I listened to a podcast about trust the other day. It was amazing to sit here and realize just how much trust has diminished in the workplace during the past few decades. Handshakes seldom make deals; lengthy contracts do. Video cameras have been installed in businesses everywhere to ensure both safety and honesty among its employees and visitors. And these are just two examples.
To be trusted, one must prove him or herself to the employer. Be trusted with time. Trusted with the workload. Trusted with the customers. Trusted with the product. You get the picture; trustworthiness takes effort and grows over time.
And how can one be a manager worth trusting? Indeed, it is individual managers who set the precedent for trust, not necessarily the company at large. Although company culture as a whole certainly plays a role, it’s primarily the human effect which influences how employees judge the trust factor at any given business.
How to Establish Yourself as a Trusted Manager
Trust between people has to do with so many aspects of our thoughts and behaviors. Here are just a few:
- the character and integrity we possess
- the care and consideration we give to those in our circle of influence
- the value we place upon and convey to each employee
- the effective communication methods we establish and maintain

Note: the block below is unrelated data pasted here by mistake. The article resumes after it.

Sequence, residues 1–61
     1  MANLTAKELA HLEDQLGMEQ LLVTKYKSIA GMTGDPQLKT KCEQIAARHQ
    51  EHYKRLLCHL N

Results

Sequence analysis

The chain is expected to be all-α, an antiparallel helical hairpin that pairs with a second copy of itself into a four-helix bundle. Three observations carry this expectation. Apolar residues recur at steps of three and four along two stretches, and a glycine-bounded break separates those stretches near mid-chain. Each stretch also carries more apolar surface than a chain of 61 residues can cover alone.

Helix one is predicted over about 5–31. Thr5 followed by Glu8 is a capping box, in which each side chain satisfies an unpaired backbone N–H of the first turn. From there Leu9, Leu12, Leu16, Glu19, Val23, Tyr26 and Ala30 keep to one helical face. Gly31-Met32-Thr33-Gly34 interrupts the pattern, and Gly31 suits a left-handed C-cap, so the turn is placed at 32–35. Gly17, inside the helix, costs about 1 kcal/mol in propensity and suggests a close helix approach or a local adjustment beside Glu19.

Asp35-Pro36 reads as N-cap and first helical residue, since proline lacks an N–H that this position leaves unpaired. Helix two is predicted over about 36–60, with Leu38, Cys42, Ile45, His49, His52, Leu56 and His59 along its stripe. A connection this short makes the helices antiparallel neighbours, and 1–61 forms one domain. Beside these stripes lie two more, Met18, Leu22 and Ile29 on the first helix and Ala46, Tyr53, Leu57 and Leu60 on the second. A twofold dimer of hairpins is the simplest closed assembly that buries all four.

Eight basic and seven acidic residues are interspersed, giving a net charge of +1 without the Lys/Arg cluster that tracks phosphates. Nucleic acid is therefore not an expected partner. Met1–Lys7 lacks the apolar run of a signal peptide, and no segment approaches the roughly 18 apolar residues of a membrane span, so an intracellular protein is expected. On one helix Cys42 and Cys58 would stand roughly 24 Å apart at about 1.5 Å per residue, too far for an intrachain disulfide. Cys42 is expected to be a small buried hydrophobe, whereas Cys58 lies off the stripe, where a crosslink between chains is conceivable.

- the helpful disposition we portray and practice
- the knowledge and understanding we seek
- the example we set before those in our care and under our authority
Can others trust your PROFESSIONAL CHARACTER to be exemplary?
- Integrity: Be who you say you are, and behave in a consistent manner. Let outward actions and spoken words reflect your integrity.
- Reliability: Keep your word or explain why you don’t . . . without others having to ask for an explanation. Follow up with those who confide in you for answers or direction – even with ideas.
- Honest Disclosure: Tell the truth. Don’t deceive those in authority over you or those working under your authority. Truth is also necessary between coworkers, spouses, parents/kids, and friends. The reason truth matters so much is because it affects others’ ability to trust you.
- Humility: Be willing and humble enough to do any task that you assign an employee and then do it occasionally. It builds bridges, creates understanding, and sets the tone for a service-oriented mindset.
Can others trust you to CARE about the people under your authority?
- People-centric: Have your employees’ best interests at heart. Give them the chance to shine.
- Relationship Builders: People won’t feel safe and secure if some level of trust between manager and employee is not established and continually built upon. As a manager, are you building long-term relationships with your employees? Building and fostering relationships will help establish trust and loyalty among your staff.
- Getting Personal: Get to know and care about your employees on a personal level; this means you should comment when they are happy, sad, hurt, tired, excited, or even distracted; it does not mean you should delve into truly private matters unless there is mutual interest and willingness to do so.
Can others trust you to be a considerate manager who VALUES his/her employees with all their quirks, weaknesses and unique traits?